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Tuesday, 8 August, 2000, 13:22 GMT 14:22 UK
Call for new language movement
Maes Eisteddfod Llanelli 2000
The eisteddfod has heard a call for a new language movement
A Welsh Assembly Member has called for a new movement to help ensure that Welsh remains a living language.

In a speech at the National Eisteddfod field at Llanelli, Cynog Dafis, a Plaid Cymru AM, said: "The Welsh language needs a professional and effective movement working for it."

He said such a body would need to have wide resources in order to get to grips with the enormous task of producing policy documents, memoranda and briefing papers and of lobbying civil servants, Assembly Members and European Parliament Members.
Cynog Dafis AM
Cynog Dafis called for language supporters to unite

"Without that there will be a big gap in language politics in Wales," he said.

"What proves this without question is the way the language has been almost completely ignored during the first year of the National Assembly," he added.

Mr Dafis, a regional list member for mid and west Wales, called for a new movement with broad appeal to be set up to campaign for the language.

However, the most prominent language campaigning group, Cymdeithas yr Iaith Gymraeg, the Welsh Language Society, said it would not be a part of any new group.

Cymdeithas, which has conducted a campaign of non-violent direct action in support of the language for over 30 years, said it would use the eisteddfod field as a platform for daily protests.

Welsh language statistics
More than 500,000 speakers
18.7% of population speak Welsh
25% of children are in Welsh-medium schools
50 Welsh-medium secondary schools
449 Welsh-medium primary schools
In contrast, the statutory body charged with promoting and safeguarding the language, Bwrdd yr Iaith Gymraeg, the Welsh Language Board, said it could see merit in Mr Dafis's suggestion.

"It is true to say that if it had not been for the efforts of a small number of AMs, with the support of the Language Board, and something close to an ultimatum from one party in particular, we would not have had a single debate on the language in a full Assembly session," Mr Dafis said.

"If political pressure had not been applied, in this case by Cymdeithas yr Iaith, it would have been even worse," he said.

"It's sad, because this period of history is so vital for the Welsh language.
National Assembly
Mr Dafis wants the Assembly to create a language strategy

He said that in order to ensure the dynamic growth of the Welsh language, a properly resourced strategy was needed, such as had been achieved successfully in areas such as Catalonia and the Basque country.

He said he would like to see Cymdeithas yr Iaith, Rhieni dros Addysg Gymraeg (Parents for Welsh Medium Education) and Cefn, the Welsh language civil rights group) coming together to form a single movement adapted to the changing situation.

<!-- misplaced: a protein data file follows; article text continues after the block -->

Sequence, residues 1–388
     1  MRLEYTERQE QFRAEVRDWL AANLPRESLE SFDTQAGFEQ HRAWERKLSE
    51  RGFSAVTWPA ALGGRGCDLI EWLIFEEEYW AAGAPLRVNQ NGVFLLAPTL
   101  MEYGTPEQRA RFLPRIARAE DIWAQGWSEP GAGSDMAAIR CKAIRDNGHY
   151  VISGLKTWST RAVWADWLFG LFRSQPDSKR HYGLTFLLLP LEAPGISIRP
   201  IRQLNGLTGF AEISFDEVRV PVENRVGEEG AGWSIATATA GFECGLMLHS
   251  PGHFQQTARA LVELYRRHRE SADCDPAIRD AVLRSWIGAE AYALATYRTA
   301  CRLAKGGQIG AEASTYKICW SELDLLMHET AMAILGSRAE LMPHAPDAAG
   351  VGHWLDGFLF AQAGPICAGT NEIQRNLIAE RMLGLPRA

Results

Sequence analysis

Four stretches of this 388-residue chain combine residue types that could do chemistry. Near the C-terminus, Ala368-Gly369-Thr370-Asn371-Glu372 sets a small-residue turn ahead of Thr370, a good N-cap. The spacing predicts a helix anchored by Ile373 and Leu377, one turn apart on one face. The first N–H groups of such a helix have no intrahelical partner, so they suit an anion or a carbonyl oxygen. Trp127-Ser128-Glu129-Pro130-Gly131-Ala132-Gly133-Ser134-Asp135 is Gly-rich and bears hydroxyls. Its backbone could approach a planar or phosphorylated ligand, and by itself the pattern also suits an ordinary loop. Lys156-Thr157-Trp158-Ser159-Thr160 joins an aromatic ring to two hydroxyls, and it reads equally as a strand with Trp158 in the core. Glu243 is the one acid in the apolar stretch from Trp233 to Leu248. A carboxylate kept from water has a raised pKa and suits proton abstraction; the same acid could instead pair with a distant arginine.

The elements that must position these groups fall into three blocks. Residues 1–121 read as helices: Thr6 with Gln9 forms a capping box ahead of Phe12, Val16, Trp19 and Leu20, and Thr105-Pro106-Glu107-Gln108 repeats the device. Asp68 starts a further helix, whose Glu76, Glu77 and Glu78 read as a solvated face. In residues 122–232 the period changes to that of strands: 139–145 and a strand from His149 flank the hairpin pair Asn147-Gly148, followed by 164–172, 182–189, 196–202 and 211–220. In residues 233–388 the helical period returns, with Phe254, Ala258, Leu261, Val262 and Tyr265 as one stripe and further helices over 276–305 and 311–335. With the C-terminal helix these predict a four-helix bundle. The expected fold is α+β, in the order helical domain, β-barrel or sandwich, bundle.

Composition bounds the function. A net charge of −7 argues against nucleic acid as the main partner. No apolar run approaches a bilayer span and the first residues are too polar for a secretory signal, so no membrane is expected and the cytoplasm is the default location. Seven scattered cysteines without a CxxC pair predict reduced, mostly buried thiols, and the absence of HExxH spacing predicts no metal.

'Pressure needed'

He said the government in Wales would never implement a successful strategy to promote and preserve the language unless sufficient political pressure were brought to bear.

He said there was a need for a pressure group that would be radical, intelligent, broad in its support, influential, powerful and effective.

This could put pressure not just on the Assembly, but on other bodies, he said.

He said that there may be a case for a society such as Cymdeithas yr Iaith to conduct a radical campaign from the fringes, including elements of law-breaking, but that a more broadly-based campaign was needed to create the right climate for a language strategy to be implemented.

Language 'strength'

There was also a need to create a climate in which using Welsh was attractive, exciting, a source of pride and a sign of strength, he said.

He called on the various language campaigning groups to put aside their differences and unite to put Welsh back on the political agenda.

"Are thereenough people, and is there enough money to create such a movement?" he asked.

"In my view, that is the same as asking is there enough enthusiasm and commitment in Wales to make the revival of the language a reality.

"I'm not sure of the answer to either question. But I'm certain it's worth giving it a try," he said.

Welsh is spoken by just over 500,000 people in Wales, just under a fifth of the population. The figure in the 1991 census showed a slight growth in the number of speakers compared with 1981, reversing a pattern of decline which had existed through most of the 20th Century.

However, much of the growth is due to the numbers of schoolchildren acquiring Welsh as a second language due to the boom in bilingual schooling. The number of areas of Wales where Welsh is the majority language - in north and west Wales - is still reducing, fuelling fears that the language may lose its capacity to produce new native speakers.

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See also:

01 Aug 00 | Wales
Welsh language campaign call
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